TEDIndia Recommendations

November 8, 2009

I’m staying in Mysore now, at the lovely Green Hotel. If you happen to be visiting Mysore, I can’t recommend it highly enough. I am still processing the conference and trying to sort out what it all means, and how what I learned there will change me and my course. The one thing I can be sure of is that it has changed me. The speakers, naturally, were (mostly) all amazing, but what really pulled the whole event together were the attendees. From the moment I stepped out of the registration I was greeted by one warm, generous, and engaging person after another. As the conference proceeded, little networks began to form. One new friend would introduce me to another until I felt I knew every like minded person in the thousand person audience.

I could go on about the amazing off stage experiences, and perhaps I will in another post, but the title of this post promises my recommendations so I’ll deliver.

As I mentioned all but a small minority of the talks were amazing and inspiring in their way, but there were eight that really impacted me. Some people use the word impacted in a loose way, but I can honestly say that these talks had a physically palpable affect on me. The very best continued to wrack my physical being for hours afterward.

The conference started out with Hans Rosling promising to predict the exact date when India would overtake the rest of the world on average per capita wealth and health.¬† While I haven’t been a fan of his previous talks, this one was funny and engaging. Later on Shashi Tharoor commented that it is not right to look at India as overtaking the world. He believes that we are heading into an era of increased equity. I hope he is right.

Jib Ellison spoke about taking his family on a trip around the world. I spoke with him and his family later, on the ride to dinner, and was blown away by their experience and their warmth.

Devdutt Pattanaik discussed his role as Chief Belief Officer, and discussed how important it is (in the business world) to understand and be sensitive to the beliefs of your customers and employees.

Ananda Shankar Jayant talked about her struggle against breast cancer and described how she conquered her fear and despair through belief and dance. She then painted us a powerful picture (both literal and figurative) through dance.

Sadhguru Jaggi Vasudev spoke to us about his spiritual awakening, and the power of mind (and spirit) over body.

The last three speakers that I’m going to tell you about were by large margin my favorite of the conference. Each one of them made me cry, and think, and long for a better world.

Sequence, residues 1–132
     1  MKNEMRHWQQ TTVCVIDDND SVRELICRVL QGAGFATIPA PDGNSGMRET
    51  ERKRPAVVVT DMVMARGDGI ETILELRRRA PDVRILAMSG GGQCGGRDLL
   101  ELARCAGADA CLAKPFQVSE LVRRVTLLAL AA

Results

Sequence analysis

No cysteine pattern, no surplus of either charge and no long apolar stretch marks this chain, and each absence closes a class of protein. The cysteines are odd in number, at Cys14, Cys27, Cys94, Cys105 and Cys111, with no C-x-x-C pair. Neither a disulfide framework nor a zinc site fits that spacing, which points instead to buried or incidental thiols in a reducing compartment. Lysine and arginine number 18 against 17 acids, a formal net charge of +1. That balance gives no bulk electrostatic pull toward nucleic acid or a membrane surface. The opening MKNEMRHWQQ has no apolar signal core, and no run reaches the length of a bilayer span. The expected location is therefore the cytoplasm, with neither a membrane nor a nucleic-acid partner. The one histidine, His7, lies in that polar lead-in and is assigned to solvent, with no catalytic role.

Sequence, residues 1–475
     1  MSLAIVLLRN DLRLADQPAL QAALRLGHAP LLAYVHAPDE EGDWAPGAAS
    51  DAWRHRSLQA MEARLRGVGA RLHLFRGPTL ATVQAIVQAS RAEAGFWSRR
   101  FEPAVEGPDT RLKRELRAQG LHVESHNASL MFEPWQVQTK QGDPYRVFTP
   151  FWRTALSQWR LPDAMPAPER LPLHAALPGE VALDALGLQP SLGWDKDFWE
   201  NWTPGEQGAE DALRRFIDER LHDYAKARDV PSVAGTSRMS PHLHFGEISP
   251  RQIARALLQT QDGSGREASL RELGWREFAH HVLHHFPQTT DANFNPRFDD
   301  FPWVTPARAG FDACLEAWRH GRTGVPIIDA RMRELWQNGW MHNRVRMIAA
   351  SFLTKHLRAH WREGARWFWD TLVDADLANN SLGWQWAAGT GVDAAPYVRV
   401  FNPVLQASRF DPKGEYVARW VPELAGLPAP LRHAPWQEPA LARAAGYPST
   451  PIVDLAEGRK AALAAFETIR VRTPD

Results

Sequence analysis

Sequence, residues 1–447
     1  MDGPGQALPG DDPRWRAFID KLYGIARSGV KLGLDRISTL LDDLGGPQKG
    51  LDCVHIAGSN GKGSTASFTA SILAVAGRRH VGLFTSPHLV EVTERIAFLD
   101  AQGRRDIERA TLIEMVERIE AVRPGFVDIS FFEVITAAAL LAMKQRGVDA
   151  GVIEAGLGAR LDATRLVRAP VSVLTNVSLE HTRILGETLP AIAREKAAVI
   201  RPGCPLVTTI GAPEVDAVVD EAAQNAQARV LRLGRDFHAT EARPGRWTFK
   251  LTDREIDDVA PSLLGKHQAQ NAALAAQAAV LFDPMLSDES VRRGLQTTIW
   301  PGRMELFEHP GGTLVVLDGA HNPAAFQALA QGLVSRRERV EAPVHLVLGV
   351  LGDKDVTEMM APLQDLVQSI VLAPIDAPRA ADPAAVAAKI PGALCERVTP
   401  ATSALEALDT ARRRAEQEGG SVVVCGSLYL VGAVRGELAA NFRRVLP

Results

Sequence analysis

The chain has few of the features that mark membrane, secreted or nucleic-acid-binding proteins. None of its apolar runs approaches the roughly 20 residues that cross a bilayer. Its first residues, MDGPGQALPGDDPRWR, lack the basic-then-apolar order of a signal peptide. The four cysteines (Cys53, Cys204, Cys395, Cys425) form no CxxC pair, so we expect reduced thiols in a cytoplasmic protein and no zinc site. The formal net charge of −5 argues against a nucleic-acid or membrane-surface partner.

Sunita Krishnan gave a passionate accounting of the state of human trafficking. She described the plight of young girls who have been sold into slavery and prostitution. I’m still processing my emotions, so I won’t go into any more detail but I strongly encourage everyone to watch her talk when it shows up on ted.com. When she left the stage, an audience member stood up and offered $10,000 if 10 other people would do the same. 100 people stood up.

Kavita Ramdas, the president of the Global Fund for Women, told us about her middle path. She learned the middle path by observing strong and determined women working in conflict areas. They taught her a way to address injustice which¬† navigates the space between anger and despair. This third path utilizes the power of love and respect, along with strong will and determination to disarm and co-opt the opposition. If you are fighting for a cause, and sometimes find yourself fighting outrage and anger (or hopelessness) you owe it to yourself to watch this amazing woman’s speech.

Lastly I submit Eve Ensler for your consideration. Eve is the author and star of the famous Vagina Monologues and has given at least one other TED talk in the past. I really enjoyed the one I had seen previously, but the end of this talk just left me breathless and speechless. Eve ended her time on stage with a passionate and theatrical delivery of her new poem “An Emotional Being”. You really must watch the whole talk but stick through to the end because this poem rocked me!


  1. Comment by tedattendee

    tedattendee November 10, 2009 at 1:03 am

    Thanks so much for these recommendations. I equally recommend Ms. Krishnan, but I think avoiding hyperbole will help Ms. Krishnan’s cause more in the long run. “100 people” did not “stand up” after the initial woman offered 10k. I would say that roughly one dozen hands, maybe even as many as twenty to thirty, rose up in the air. One woman yelled out “I’ll give a thousand.”

  2. Comment by Tucker Bradford

    Tucker Bradford November 10, 2009 at 6:05 am

    tedattendee, Thanks for commenting! I sincerely wasn’t trying for hyperbole. I was told that 100 people came forward. Perhaps that was not true. I would love to know the actual number if someone has the facts. I appreciate your advocating for accuracy. Truly, all facts are friendly.

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